If I had to chart my enjoyment of this book it would be jagged peaks and valleys. I was confused, swept away, frustrated, moved and ultimately satisfied. Set in rural Alabama in the late 40s, 50s and “present” day, this tale of family, place and arts winds up and down and in and around several characters. What sparkles most is the tangible sense of place Johnson evokes. I could see, smell and even taste the environment. But I could never quite grab hold of the characters and that prevented me fr ...more
Donna Everhart
May 31, 2018 rated it really liked it
My review for New York Journal of Books
Lolly K Dandeneau
Jun 11, 2018 rated it liked it
via my blog:
'What makes an Elberta so sweet, Lee Malone knew, is how long it’s allowed to trouble the tree.'

Could that be true of Janie Treeborne too, being allowed to trouble her own land? This southern fiction debut begins with Janie Treeborne refusing to leave her family land, The Seven in Elberta, Alabama despite knowing that ‘the water is coming.’ The Hernando de Soto dam has ‘served it’s purpose for 80 years’, her grandfather having built it, her own
Jun 11, 2018 rated it it was ok
Did Not Finish. It was well-told, and the backwards-in-time structure was really interesting, but I think small-town Alabama in 1958 is just not someplace I want to visit right now. Also, what's a "dirt boy?" This young girl keeps carrying one around with her (I think she's twelve? What's up with a twelve-year-old carrying an object around with her like this? It seemed definitely weird.) and it sounds like some strange doll but maybe it's more of a fetish with magic properties or something? It j ...more
Jun 11, 2018 rated it did not like it
Shelves: did-not-finish
DNF. Holy crap, this was hard to follow, not only plot-wise but sentence-wise as well. There were a lot of characters to keep track of and what was up with the dirt baby? Never did figure out what it was supposed to be because after about two chapters of crap that didn't make much sense, I gave it up.
Rachel Watkins
TREEBORNE is the story of southern family written in a truly authentic venacular and set in one of the most beautiful sections of Alabama. The Treeborne family is complicated. Those who knew them might call them touched, though that often means they have windows into worlds that others aren't privileged to see. I love the celebration of the organic world as well as Hugh, who was an artist in the vein of Howard Fenster.
Lindsey Z
Jul 20, 2018 rated it liked it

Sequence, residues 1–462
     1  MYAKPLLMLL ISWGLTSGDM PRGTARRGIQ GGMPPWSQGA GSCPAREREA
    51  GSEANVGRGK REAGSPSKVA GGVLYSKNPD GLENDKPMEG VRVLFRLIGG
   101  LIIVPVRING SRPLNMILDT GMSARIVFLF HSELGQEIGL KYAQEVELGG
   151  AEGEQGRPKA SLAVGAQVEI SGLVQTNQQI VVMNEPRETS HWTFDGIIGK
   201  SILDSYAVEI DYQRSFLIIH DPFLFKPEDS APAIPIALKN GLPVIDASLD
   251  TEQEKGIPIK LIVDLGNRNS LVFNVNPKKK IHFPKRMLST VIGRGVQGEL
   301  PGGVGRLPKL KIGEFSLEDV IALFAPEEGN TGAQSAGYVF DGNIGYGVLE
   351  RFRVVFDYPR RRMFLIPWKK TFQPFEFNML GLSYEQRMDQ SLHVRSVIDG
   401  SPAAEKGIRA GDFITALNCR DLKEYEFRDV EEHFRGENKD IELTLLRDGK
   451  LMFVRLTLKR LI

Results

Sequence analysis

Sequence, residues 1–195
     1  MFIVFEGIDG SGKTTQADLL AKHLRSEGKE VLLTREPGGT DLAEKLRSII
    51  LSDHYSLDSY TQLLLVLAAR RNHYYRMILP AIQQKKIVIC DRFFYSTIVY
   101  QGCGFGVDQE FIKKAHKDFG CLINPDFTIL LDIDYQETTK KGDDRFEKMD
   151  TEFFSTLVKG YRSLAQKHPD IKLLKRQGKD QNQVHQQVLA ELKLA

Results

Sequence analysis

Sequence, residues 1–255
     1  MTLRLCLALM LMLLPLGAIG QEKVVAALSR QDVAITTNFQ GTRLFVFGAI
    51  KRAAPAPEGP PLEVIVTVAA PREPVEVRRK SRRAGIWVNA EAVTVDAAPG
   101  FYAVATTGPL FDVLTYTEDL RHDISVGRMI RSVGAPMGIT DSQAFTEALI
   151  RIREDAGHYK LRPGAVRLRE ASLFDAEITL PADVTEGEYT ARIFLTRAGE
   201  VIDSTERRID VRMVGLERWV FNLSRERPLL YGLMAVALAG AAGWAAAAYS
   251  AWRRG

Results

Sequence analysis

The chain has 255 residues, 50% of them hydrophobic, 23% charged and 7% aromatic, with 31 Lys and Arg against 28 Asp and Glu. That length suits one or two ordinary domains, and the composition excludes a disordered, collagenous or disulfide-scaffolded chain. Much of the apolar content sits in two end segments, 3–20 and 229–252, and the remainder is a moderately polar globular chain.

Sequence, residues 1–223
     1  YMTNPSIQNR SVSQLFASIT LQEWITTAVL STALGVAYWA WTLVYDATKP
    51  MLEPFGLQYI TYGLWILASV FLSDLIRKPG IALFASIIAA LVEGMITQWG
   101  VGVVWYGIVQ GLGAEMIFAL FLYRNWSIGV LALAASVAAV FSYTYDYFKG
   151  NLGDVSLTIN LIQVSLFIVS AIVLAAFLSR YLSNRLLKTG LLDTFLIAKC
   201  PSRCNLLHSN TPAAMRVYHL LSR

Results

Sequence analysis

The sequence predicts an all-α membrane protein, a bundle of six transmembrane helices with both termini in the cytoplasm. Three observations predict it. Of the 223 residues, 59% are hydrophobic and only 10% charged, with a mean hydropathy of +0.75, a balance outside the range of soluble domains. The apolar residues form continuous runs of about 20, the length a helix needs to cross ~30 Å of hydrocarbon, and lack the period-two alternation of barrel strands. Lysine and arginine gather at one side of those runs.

*3.5 stars*
A haunting new generation southern gothic novel in which we learn how the past indelibly shapes the present in a small rural town in Alabama. The cast of characters of this novel is impressive and each one is so well rendered. From the young girl Janie who carries around the clay doll her grandfather Hugh left (a doll that comes to life frequently in the novel) to her aunt Tammy who wishes to be on the big screen in Hollywood and escape small town Alabama living to the black man her g
Liz Major
Jun 17, 2018 rated it really liked it
Beautiful story that transports you to the old South and a certain time and way of thinking. A wonderful first novel.
Brent Godwin
Jul 22, 2018 rated it it was amazing
Shelves: fiction
Simply put: Caleb Johnson has the potential to be one of this generation's best writers. Read this book.
Jerry Smith
Jul 11, 2018 rated it it was amazing
Shelves: 2018
Fine Southern Gothic.
Easily one of my top 2-3 books of the year, it's hard to believe this is a debut.
I can't wait for his next work.
Blaine Duncan
Jun 10, 2018 rated it it was amazing
The debut novel of Caleb Johnson, Treeborne, opens with the elderly Janie Treeborne recounting possible, probable facts to a young relative where she explains how she came to live on her peach orchard; yet with the opening line ("The water was coming"), the novel forebodes a simmering presence underneath both the land and the story Janie unravels.

Janie Treeborne and the rest of the Treebornes have lived on the edge of Elberta, Alabama seeingly as long as the land existed -- or at least since the
Mary Foust
Mar 18, 2019 rated it liked it
MIGHT contain spoilers.
Okay, for starters, it's Jim Crow era Alabama. You get what you get. Lots of N-word usage and some instances of violence toward the African American character. That's not the author's fault, that's just the sad history of where our country was in the 1920s-1950s (when the brunt of this story takes place).

Also, lots of animal cruelty/animal killings that, at at times, seemed to be there just for the shock value. I get why some of it was in there, but there wer
Kyra Johnson
Jun 18, 2018 rated it really liked it
Shelves: review-copies
Treeborne is an epic family saga set in Elberta, Alabama and spans a period of 80 years, beginning in 1929. The story is mainly told through the viewpoint of the Treeborne family. Janie Treeborne provides the central narrative and is the spokesperson for the majority of the book. The story begins in the present day where an elderly Janie is being interviewed about her past and the destruction of the Hernando de Soto Dam, which threatens her home on the edge of a peach orchard that has been hande ...more